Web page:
Some quick, initial thoughts on the result of the UK general election, more raising questions than providing answers.
It is in keeping with the lack of self-awareness and political nous that characterized Theresa May’s election campaign that she has insisted on staying on as party leader and Prime Minister, apparently to provide ‘certainty’, ‘stability’ and ‘legitimacy’. It is difficult to imagine, after the humiliation heaped upon her by the electorate, that she could seriously believe that she possesses any of those qualities. It is difficult, too, to see how a May-led government, propped up by the DUP, could possibly bring about stability or certainty, or possess any legitimacy. At least UKIP’s Paul Nuttall had sufficient self-respect to stand down as party leader.
It was, of course, an astonishingly inept election campaign on the part of the Tories, and in particular on the part of Theresa May. The Tories tried to make the contest a question of leadership between May and Labour’s Jeremy Corbyn, against the background of the Brexit negotiations. The trouble was, May’s leadership credentials crumbled at the slightest hint of pressure, from her refusal to take part in public debates to her u-turn on social care funding at the first sign of hostility. Once the election was no longer a question primarily of leadership, the issues that really worry people – austerity, the erosion of the welfare state, the lack of hope for the future – came to the fore. As did the anger against Tory policies over the past seven years. The real questions were not about Brexit as such but about the kind Britain we want to see.
The key issue facing the new government is that of Brexit, the negotiations over which are due to begin in ten days’ time. Many argue that a hung parliament makes a ‘soft Brexit’ more likely. ‘Soft Brexit’ is, in essence, Britain remaining in the EU single market (or at least having unfettered access to it), possibly as a member of the European Economic Area (EEA), and with goods and services traded between Britain and the EU on a tariff-free basis. But that would require Britain to accept EU citizens having free access to Britain to work and settle. That is the condition that other non-EU members of the EEA (Iceland, Liechtenstein, and Norway) have to accept. It is difficult to see how either the Conservatives or the Labour Party (both of whom have taken a strong stance against freedom of movement) could accept such a condition.
The paradox of the election is that it is a demand for political change but also a return to traditional two party politics. The Tories are likely to have achieved a popular vote higher than at any election since 1979. But they lost seats and are deeply damaged – because the Labour Party also saw a huge surge in support. The last time Labour achieved a higher popular vote was in Blair’s landslide election of 1997, and yet it still has almost 60 seats fewer than the Tories. The election result is rightly seen as a triumph for Jeremy Corbyn. Yet after almost a decade of austerity, with such anger against Tory policies on everything from the NHS to public transport to education, it is striking that Labour still came second in the poll. The election result was a triumph only in the context of the low bar that Labour has set itself in recent years.
Labour’s high popular vote seems to have come as much from piling up votes in areas of high Labour support – in London, for instance, at least nine Labour MPs received more than 40,000 votes – as from truly broadening its appeal throughout the country. Labour did take a number of traditional conservative seats – Canterbury, for instance, and Ipswich. But these were usually for highly specific reason, such as the student vote in Canterbury. There were no broader inroads into Tory territory. That is why Labour is likely to get a higher popular vote than in the elections of 2001 and 2005, but fewer seats.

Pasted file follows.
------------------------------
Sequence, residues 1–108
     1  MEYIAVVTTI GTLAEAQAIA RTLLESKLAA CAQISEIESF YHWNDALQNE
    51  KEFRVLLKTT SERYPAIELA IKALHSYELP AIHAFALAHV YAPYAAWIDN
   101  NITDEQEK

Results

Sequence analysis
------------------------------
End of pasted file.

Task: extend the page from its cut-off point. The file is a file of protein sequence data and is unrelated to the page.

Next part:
Corbyn’s success is worth saluting. It shows the possibilities of harnessing public anger around a more radical programme. But the fundamental problem that faces Labour – what is it for, and who does it represent? – still remains.
UKIP has been effectively wiped out. Its vote seems to have gone to both Tory and Labour. But if the party has been demolished (for now at least) as an electoral force, the sense of resentment at the mainstream that led many to vote UKIP still remains. An important question in the coming period is how that will play itself out.
Apart from Theresa May and Paul Nuttall, the party leader who suffered most was the SNP’s Nicola Sturgeon. The SNP lost 21 seats and its aura of invincibility. The Conservatives won 13 seats – their best result since 1983 – to become the main challengers to the SNP in Scotland (Labour won 7 and the Liberal Democrats 4), spiking the notion of Scottish exceptionalism and of Scotland as particularly progressive.
The election revealed a return to two-party politics. But not to old political faultlines. The vote coalesced around Tory and Labour, but fragmented along other lines. The old categories that explained two party-politics – class, region, etc – no longer do so. Even newer categories, such that between ‘globalists’ and ‘nationalists’, or between Remainers and Leavers, do not capture the fragmentation. Both parties now comprise unstable coalitions. Labour certainly picked up most young votes and did well in metropolitan areas, but the new faultlines have yet to be consolidated.
Given the instability likely in the coming period, the degree of popular anger against the Tories, and their policies, exposed in Thursday’s vote, is likely to grow. How that anger is shaped will be the key question in the coming period.
The painting is JMW Turner’s The Houses of Parliament on fire.